This is so not the day I finally try the heat gun! Now that it's scary-hot, we're holed up in our bunker--the living room, the one room with AC. We eat there, like the Simpsons, in front of the TV, and last night we permitted the Child to sleep there, since her little room was like a pizza oven. The cats are, mostly, too stupid to figure out that it's cooler in there--they associate being closed into the living room with protracted stretches of imprisonment during home repairs--so they sack out, dull-eyed, on the landing, sending a continuous exodus of fur up and down the staircase. Up here on the third floor, in my study, I've mostly had the computer off, afraid the hard drive will melt. Last night there was a scary little brownout. I have been too cowardly to go out and water the plants, and now my cowardice is stoked by guilt and anxiety that all the container guys will be dead. Dead and reproachful.
Speaking of dead and reproachful, I had a marvelous time yesterday hiding from the heat wave in the gorgeous cool marble-and-gilt caverns of the 42nd Street New York Public Library, researching my mother's family on the Ancestry.com database of Federal census records (free at the Library, by subscription only elsewhere). Beneath the vast ornate ceiling of the Reading Room, crystal-clear on a laptop screen, popped up the names that peopled the tales I begged to hear as a child: Richard D. Beecher, head of household. (My grandfather, naturalized from the "Irish Free State" after emigrating in 1898 as a 20-year old, handsome, fiercely articulate, and destined to die in his 40s in the tragic grip of alcohol.) Mathilde Beecher, wife. (My sad-eyed and elegant grandmother, whose iron hold on her daughters' lives outlived her by many decades.) Mathilde and Rosemary Beecher, daughters. (Mommy and Aunt Roey, my godmother.) Lawless Loadsman, brother-in law--a consumptive cowboy who dated Ziegfield girls and brought home jazzy Victrola records on his trips back East, whose death seemed to have broken the family's heart into pieces that were further shattered by my grandfather's death a few years later. Cornelius Beecher ("Uncle Con"), brother-in-law, recalled by my mother as a grouchy but loveable simpleton who refused to be under the same roof with an Englishman. Micael Kiersey, lodger--the 21-year-old son of my grandmother's dear Dublin friend Mary, whose occupation was listed as "newspaper reporter," but was more accurately "IRA gun-runner on the lam," a dashing youth whose doomed romance with my teenaged Aunt Rosemary brought her close to the family hobby of attempted suicide. Is it any wonder I dubbed the maternal clan "The Eugene O'Neill Dinner Party"?
The girls, with Daddy in winter (my mother is in the white fur hat, my Aunt Rosemary in the dark one)...
...and with Mommy, in summer (yes, the hair bows were as painful as they look)
Pointing and clicking, I followed my grandfather's life in 10-year glimpses: 1900 (a young clerk "fresh off the boat," single, in a boarding house on East 19th Street); 1910 (now a dry-goods salesman, still single at same address, with a fellow lodger whose occupation was "barkeeper at liquor saloon"); 1920, head of household with 2 young daughters, several hapless family members, and some lodgers, all in a rented house on Rodney Street in Williamsburg. Then, by 1930, in the depths of the Depression, there was no more Richard Declan Beecher; only my grandmother, widow and head of household, living in the house her husband bought in Richmond Hill, Queens for$8,500 shortly before his heart gave out. (There were too many Jews crossing over from the Lower East Side into Williamsburg for her parents to stay there, my mother recalled--ah, the Irish. Who at least have coined a word to describe such thinking: "Tuppence-ha'penny looking down on tuppence.")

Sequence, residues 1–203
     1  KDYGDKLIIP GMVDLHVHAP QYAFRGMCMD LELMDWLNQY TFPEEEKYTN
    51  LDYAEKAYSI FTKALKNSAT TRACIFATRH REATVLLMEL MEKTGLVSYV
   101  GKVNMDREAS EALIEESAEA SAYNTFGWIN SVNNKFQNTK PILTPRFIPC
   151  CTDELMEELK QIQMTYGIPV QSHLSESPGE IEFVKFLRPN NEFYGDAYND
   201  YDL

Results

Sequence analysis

The spidery handwritten census entries don't tell the half of it. They omit my grandfather's final years as a successful Model T salesman dubbed "One-a-day Dick" (I swear to God) for his car-selling prowess...the trips with his beautiful daughters in a smart new dealer's model out to the New Jersey countryside (it reminded him of Waterford, where he hoped to return for "the twilight of his life")...his passion for the opera (although he decried the legendary tenor John McCormick's acting ability, saying he looked like a turf farmer instead of a starving artist in "Boheme")...his lost weekends and nightmarish battles with various pledges and cures...and the day my mother opened the door to see a policeman holding her Daddy's hat and glasses and a face full of bad news: Twilight had come early and suddenly, on a bench in Forest Park. (My grandmother, standing at the top of the stairs, passed out cold and tumbled to the bottom, displaying the flair for drama that has been passed down through her female line.)
It was surreal to emerge with my pocketful of geneology notes into the suffocating tropical haze of Bryant Park, where lunch-hour fashionistas sat at cafe tables in the shade. My city, my mother's city, her parents' city...Brooklyn and Manhattan, home and work, past and present...stories and memories, scraps of evidence and ephemera, as invisible as the mighty Crystal Palace that once stood on the grass and gravel beneath my feet. It's a cliche, this Irish passion for keeping the past alive, but like most cliche's, it's also a truth--and a treasure, and a curse. The names on the census sheet stay alive through the stories. The last place the stories were told was here, at the CrazyStable, my mother's last real home--and thus, in some very Irish way, the final home of Lawless and Con and Micael and the rest of the Beecher clan.
Well, almost the last place. Because now I've told them to you--a very few of them, anyway.